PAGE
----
The first chapter of this book caught my interest. I was hoping for a refreshing, encouraging read that focused on grace. I'm sorry to report that I did not find this book to be what I was looking for. The upbeat, vibrant, conversational tone of the first chapter faded into a book which made many true statements, but continuously left me feeling as though I disagreed on some deeper level. I found it extremely challenging to pinpoint where and how I disagreed with the author until about a third of the way into the book. The first three chapters of the book were dedicated to expounding on the concept of grace itself, more or less and I enjoyed them. By the end of the book, I had decided I could not recommend this book.
Since this book functions both as a devotional and a coloring book, I'll review both aspects individually.
Let's dig in!
Along with learning more about the Depression than I was ever taught in school, my children learned great lessons on compassion and treating others with dignity and respect regardless of their lot in life. The children in the story meet a displaced teen and while they are reminded of the real dangers of riding the rails and the gathering places of groups of homeless people, a theme of genuine care for others is consistent. When a family is struggling to feed themselves, yet they yearn to help others in worse conditions, what can and should be done? This is one of the questions struggled with through this narrative.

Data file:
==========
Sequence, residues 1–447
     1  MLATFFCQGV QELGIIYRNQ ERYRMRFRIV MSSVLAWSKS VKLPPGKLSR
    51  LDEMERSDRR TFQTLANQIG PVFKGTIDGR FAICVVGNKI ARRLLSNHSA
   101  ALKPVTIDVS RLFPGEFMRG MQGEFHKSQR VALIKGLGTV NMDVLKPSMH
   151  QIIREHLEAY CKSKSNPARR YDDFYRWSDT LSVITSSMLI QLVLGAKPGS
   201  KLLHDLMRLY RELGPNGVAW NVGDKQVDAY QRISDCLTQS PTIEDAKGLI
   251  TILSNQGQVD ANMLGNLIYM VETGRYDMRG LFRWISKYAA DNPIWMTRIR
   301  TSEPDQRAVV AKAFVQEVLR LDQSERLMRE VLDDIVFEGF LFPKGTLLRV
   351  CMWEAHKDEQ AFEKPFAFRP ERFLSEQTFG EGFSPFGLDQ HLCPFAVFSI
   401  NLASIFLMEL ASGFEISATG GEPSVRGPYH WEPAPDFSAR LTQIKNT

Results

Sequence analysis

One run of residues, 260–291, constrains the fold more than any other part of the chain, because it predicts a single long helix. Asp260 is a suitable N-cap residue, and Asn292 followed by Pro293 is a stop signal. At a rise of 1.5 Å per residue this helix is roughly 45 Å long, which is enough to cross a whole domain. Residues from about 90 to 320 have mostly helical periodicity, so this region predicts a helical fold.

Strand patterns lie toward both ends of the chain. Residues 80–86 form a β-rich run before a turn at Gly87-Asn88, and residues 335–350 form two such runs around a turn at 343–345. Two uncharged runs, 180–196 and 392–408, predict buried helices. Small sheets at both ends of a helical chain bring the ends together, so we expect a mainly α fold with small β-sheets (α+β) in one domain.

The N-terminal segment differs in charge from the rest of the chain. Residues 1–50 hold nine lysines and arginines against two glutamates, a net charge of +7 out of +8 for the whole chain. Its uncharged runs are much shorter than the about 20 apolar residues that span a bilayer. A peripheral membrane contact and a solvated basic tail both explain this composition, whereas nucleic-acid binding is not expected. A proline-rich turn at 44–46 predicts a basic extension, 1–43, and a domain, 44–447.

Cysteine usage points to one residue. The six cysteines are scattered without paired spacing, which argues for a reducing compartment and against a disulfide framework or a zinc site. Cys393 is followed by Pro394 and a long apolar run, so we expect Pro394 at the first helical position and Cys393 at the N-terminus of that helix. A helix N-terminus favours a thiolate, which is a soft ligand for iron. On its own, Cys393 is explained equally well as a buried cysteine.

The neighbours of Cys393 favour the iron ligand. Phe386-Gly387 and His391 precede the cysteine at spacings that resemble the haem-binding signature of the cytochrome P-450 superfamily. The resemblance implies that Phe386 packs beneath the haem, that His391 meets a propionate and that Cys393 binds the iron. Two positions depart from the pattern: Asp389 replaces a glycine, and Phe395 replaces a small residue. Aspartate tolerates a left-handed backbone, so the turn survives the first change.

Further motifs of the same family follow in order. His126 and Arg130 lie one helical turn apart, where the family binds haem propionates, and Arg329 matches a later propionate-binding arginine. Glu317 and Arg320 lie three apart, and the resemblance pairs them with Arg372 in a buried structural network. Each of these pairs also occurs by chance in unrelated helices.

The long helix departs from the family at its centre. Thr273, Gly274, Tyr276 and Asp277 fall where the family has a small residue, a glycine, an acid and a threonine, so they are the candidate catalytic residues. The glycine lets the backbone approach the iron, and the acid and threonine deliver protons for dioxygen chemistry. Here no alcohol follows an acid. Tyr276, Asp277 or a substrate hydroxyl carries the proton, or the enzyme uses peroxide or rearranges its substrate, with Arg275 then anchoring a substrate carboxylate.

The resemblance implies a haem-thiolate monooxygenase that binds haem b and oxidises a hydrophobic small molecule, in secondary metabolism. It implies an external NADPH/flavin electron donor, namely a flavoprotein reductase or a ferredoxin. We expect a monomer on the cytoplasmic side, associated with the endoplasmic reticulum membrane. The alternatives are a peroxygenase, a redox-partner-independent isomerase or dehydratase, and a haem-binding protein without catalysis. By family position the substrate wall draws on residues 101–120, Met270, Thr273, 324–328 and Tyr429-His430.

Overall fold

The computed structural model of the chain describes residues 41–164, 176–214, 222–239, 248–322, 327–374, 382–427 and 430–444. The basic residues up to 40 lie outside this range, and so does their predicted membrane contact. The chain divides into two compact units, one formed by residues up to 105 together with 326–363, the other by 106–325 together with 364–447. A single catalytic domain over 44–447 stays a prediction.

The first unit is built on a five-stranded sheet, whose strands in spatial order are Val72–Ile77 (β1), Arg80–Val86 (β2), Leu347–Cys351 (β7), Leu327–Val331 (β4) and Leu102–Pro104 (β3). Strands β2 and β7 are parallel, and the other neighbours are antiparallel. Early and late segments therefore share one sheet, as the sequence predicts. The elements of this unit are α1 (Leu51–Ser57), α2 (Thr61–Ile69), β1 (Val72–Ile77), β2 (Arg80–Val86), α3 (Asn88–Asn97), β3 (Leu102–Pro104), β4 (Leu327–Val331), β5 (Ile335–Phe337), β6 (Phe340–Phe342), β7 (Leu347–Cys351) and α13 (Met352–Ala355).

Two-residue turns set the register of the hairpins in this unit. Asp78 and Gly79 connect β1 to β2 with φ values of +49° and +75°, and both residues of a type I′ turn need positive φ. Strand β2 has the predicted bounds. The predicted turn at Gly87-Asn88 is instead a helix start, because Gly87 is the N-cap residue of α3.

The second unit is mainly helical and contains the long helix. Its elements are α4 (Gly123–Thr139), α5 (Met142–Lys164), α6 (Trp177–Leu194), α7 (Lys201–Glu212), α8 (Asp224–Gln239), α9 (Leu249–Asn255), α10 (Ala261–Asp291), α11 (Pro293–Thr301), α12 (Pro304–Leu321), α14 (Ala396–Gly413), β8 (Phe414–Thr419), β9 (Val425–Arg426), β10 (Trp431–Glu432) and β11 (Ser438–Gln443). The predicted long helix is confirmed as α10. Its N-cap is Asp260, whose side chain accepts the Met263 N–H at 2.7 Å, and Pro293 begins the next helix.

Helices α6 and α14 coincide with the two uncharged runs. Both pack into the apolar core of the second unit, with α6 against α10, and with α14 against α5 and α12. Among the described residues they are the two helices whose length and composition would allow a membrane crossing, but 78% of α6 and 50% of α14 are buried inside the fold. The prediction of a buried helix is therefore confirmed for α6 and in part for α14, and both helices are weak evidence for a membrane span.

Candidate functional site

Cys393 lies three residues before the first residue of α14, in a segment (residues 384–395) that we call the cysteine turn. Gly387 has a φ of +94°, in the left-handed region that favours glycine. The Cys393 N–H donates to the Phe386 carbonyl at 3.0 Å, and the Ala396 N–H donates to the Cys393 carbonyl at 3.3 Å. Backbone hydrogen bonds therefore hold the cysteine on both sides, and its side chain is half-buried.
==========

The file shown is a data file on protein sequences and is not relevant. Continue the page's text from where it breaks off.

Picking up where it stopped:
As always, I give warning flags to any content which may be too intense for sensitive readers/listeners. This plot includes a teen retelling how his friend was killed by slipping down under a moving train when they were riding illegally (holding onto the outside of the cars). The description was not gorey, but it did include some suspense and evoked concern and sadness from my children. Since we've previously discussed the hazards of trains, I was able to navigate this section while reading it word-for-word to my kids. You may want to pre-read chapter 8 to decide whether you want to paraphrase or omit portions for a sensitive child.
I highly recommend this series as presenting history in an age-appropriate, engaging context with relevant and challenging moral dilemmas overcome by the characters in every book. They are great read-alouds as they keep both my youngest child and myself interested!
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I am not much of a blog reader. There's only a couple I check on occasion:
Love this girl's writing... feels like she's a long distance friend. Well, her sister is my long-distance friend, so that probably helps. Either way, what an inspiration and encouragement- you just need to check out some of the places life has taken Leah and be strengthened and inspired by the love that oozes (yes, oooozes) from her heart for Jesus, His people and His creation!
If you like nummy recipes, or have special dietary needs (or both!) check it out. ALL of her recipes are Vegan, and many can be made gluten-free. I stumbled upon it when searching for dairy/egg free treats to make for my kiddo and have gotten hooked on several recipes. Okay, "hooked on" doesn't portray it well enough. How about "addicted to"? That's more fitting. Will definitely be going back for more!